You probably wouldn’t give this place a second glance if you drove past it, but it’s an amazing discovery. Joe’s Pizza and Pasta in Conroe, Texas, is one of those places that was built out in an existing building, giving it a second-hand feel.
There’s an old gondola out front to help you find it, too. Inside it still has a bit of the economy feel, but there’s a comfort zone that draws you in. The smells that fill the place encourage you to take a seat, review the menu, and start to salivate in anticipation.
Our first visit to Joe’s was several years ago. they still had plastic table cloths and folding chairs in the main dining area. We had followed a friend there, and knowing nothing about Conroe at the time, though for sure we were getting lost. It’s actually pretty easy to find.
We decided Joe’s was a good candidate for this blog based solely on that first experience. It’s a good things we went back for lunch last week. the place has really changed inside. Dark, cozy and intimate are all good descriptions of the current Joe’s dining area. Rat Pack era music wafted down from hidden speakers as a nice undercurrent of sound for the conversations that abounded.
We were seated in the back area, that now includes a secluded little corner with a romantic fireplace. The waitress was friendly, even with the busy lunch crowd. She made sure we had our drinks and a basket of garlic rolls as quickly as possible. She wasn’t pushy about taking our order, either. That’s always a plus for us as we like to peruse the menu and take our time.
Let’s start with the menu. It may look a little spare at first glance (the wine list takes up as much space as the Homemade Pasta Dish portion) of the menu, but that’s because Joe’s is an Italian place through and through. There are chicken, veal and shrimp dishes served with a variety of pasta styles including spaghetti, angel hair, ravioli, cannelloni and penne.
The brick oven New York style pizzas take up a large portion of the menu. They are available in 14″, 16″ and a whopping 18″ pie. You might feel the topping options are limited, but in truth they are about as traditional as pizza gets. The portions are large, even on the lunch menu. We didn’t order a pizza this trip, but we will try to squeeze on in soon and report back on it, with pictures.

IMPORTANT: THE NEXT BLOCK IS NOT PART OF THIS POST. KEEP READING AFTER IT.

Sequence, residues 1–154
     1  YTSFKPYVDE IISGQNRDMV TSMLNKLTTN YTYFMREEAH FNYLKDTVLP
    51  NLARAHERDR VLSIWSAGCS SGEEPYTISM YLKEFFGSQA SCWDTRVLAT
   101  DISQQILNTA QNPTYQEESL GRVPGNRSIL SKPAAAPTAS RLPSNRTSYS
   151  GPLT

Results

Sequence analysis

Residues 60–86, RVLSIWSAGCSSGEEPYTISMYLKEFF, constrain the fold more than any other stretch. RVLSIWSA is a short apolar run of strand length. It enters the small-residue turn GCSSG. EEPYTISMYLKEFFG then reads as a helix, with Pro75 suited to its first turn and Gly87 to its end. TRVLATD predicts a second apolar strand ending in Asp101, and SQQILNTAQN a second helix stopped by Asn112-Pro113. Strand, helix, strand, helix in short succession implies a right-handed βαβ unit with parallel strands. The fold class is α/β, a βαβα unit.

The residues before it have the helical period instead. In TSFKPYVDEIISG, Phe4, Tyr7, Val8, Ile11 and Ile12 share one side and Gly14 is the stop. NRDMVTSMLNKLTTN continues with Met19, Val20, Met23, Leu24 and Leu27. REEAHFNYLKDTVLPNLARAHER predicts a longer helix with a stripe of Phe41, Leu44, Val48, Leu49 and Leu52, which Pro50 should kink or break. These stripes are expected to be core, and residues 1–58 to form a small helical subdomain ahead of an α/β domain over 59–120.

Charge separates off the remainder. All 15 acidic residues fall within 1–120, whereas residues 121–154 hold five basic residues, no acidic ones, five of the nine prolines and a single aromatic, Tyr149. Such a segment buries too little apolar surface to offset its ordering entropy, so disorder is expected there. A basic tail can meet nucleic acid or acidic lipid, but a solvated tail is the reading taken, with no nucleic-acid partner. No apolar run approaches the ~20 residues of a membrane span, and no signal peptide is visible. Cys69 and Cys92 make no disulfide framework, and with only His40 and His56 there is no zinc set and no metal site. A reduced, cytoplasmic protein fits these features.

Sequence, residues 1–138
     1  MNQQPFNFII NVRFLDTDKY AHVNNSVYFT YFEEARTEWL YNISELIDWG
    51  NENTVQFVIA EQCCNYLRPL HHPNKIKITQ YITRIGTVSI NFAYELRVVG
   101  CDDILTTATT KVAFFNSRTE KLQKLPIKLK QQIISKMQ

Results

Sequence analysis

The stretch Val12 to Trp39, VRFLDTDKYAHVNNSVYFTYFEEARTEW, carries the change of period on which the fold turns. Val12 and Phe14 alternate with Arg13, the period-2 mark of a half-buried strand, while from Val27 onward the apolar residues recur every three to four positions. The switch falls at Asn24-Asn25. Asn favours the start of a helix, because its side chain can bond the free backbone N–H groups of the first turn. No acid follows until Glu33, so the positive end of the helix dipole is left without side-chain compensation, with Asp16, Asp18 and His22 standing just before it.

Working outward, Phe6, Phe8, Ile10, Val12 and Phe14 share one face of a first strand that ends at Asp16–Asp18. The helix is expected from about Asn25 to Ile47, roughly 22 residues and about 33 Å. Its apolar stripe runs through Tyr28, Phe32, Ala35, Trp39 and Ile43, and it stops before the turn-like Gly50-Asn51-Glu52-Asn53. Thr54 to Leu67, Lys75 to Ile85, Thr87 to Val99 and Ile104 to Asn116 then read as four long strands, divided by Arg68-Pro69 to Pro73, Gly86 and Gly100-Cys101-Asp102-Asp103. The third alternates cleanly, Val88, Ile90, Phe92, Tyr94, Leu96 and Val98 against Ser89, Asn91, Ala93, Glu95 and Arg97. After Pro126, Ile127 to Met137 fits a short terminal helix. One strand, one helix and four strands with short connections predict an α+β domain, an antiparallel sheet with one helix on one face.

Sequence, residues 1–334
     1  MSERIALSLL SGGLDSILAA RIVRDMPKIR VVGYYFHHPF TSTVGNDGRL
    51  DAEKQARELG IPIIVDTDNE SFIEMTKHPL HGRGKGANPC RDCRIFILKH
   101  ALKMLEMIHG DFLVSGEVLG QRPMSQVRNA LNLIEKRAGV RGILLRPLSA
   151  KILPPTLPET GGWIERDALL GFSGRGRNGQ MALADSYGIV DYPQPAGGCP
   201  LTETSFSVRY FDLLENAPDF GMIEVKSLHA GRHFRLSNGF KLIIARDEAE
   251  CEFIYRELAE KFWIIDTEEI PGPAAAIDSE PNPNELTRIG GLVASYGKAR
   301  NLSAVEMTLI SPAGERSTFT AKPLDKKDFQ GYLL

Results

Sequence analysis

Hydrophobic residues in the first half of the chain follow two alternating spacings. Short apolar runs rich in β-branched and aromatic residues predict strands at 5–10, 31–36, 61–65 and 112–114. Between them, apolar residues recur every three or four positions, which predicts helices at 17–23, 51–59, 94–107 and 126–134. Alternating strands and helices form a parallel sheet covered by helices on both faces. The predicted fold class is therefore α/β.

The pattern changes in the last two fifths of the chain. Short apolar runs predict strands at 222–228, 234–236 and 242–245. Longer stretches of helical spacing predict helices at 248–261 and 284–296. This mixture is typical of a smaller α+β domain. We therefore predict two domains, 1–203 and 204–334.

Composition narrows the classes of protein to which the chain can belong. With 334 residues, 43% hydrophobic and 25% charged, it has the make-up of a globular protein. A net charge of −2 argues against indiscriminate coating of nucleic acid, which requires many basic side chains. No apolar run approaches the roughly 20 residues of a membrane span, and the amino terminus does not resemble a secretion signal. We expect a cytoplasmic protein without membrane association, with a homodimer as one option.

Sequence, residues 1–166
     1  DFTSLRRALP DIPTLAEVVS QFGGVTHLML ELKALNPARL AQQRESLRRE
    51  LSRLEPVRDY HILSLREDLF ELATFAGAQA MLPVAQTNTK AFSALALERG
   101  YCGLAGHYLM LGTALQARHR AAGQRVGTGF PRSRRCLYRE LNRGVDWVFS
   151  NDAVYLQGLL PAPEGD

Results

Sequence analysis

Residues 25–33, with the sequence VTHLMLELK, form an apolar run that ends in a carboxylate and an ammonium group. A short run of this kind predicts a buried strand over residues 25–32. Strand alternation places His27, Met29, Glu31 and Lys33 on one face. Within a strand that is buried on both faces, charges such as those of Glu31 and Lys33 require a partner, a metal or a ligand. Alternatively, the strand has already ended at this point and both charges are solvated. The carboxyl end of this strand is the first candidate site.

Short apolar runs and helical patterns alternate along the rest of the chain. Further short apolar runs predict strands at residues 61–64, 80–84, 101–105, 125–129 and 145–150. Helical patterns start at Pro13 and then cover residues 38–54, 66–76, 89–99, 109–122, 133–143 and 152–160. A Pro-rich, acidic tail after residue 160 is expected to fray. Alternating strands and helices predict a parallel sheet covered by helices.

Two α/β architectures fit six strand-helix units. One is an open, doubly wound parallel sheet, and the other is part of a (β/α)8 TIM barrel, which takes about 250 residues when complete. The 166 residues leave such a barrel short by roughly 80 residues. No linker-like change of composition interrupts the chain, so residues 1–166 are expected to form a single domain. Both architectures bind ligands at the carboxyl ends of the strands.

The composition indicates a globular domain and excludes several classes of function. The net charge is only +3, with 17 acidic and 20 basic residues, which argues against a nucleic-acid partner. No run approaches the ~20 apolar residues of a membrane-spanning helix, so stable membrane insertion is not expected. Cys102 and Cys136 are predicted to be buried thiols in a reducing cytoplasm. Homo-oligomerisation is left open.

Everything on the menu seems to be right out of one section or another of old Italy, with a very Sicilian feel and flavor. Tomatoes and spices are prevalent, but not exclusively used. The red sauces are very red, the cream sauce very creamy, and everything is a shade more intense without being overpowering.
The first item to hit the table was a basket of the house rolls. While they seem to be nothing more than fancied up pizza dough, let me assure you that the pizza dough here is more than adequate to the job. The rolls are allowed to rise to heights, then droned in a mixture of butter, garlic, and cheese. The look good and taste much better. The spicing allows them to accompany most of the menu items without clashing.
The lunch menu is indeed small. It’s a header announcing Lunch Specials for $6.95 (at the time of that visit), and two lines of standard items including chicken or eggplant Parmesan, cannelloni, manicotti, and spaghetti with or without meatballs. We chose the chicken parmesan and manicotti.
The green salad served with lunch is a typical iceburg/carrot sliver/purple cabbage mix. tI as fresh with no cooler burn and included a topper of grated mozzarella on top.
I chose the chicken Parmesan and was not disappointed. The chicken breast was breaded, and took up half of my plate. It and the pasta were then doused in red sauce and topped with plenty of mozzarella. The chicken was tender and the pasta al dente. Neither arrived at the table with the overcooked-because-it-sat-under-a-heat-lamp feel.
My lunch partner chose the manicotti. He is a bit of a connoisseur of manicotti, it being his favorite Italian dish. He approved of the dish and wished there had been more of it. He proclaimed it delicious. The red sauce on his dish, while appearing to be exactly the same as on the chicken, had a sweeter flavor. The al dente shells were stuffed with a marvelous mix of cheeses, creamy and spiced just right. Overall an excellent balance spicing and cheese to sauce flavor ratio.
Joe’s menu is not a way to get skinny, but when you make the best Italian comfort food in Conroe, who cares?
Joe’s Pizza and Pasta is located at 1604 N. Frasier in Conroe, Texas, and is open Tuesday through Sunday from 11am until 10pm. They offer dine in- take away and catering for all occasions.
— Ann Cathey
Photos by Christopher (or taken with his phone)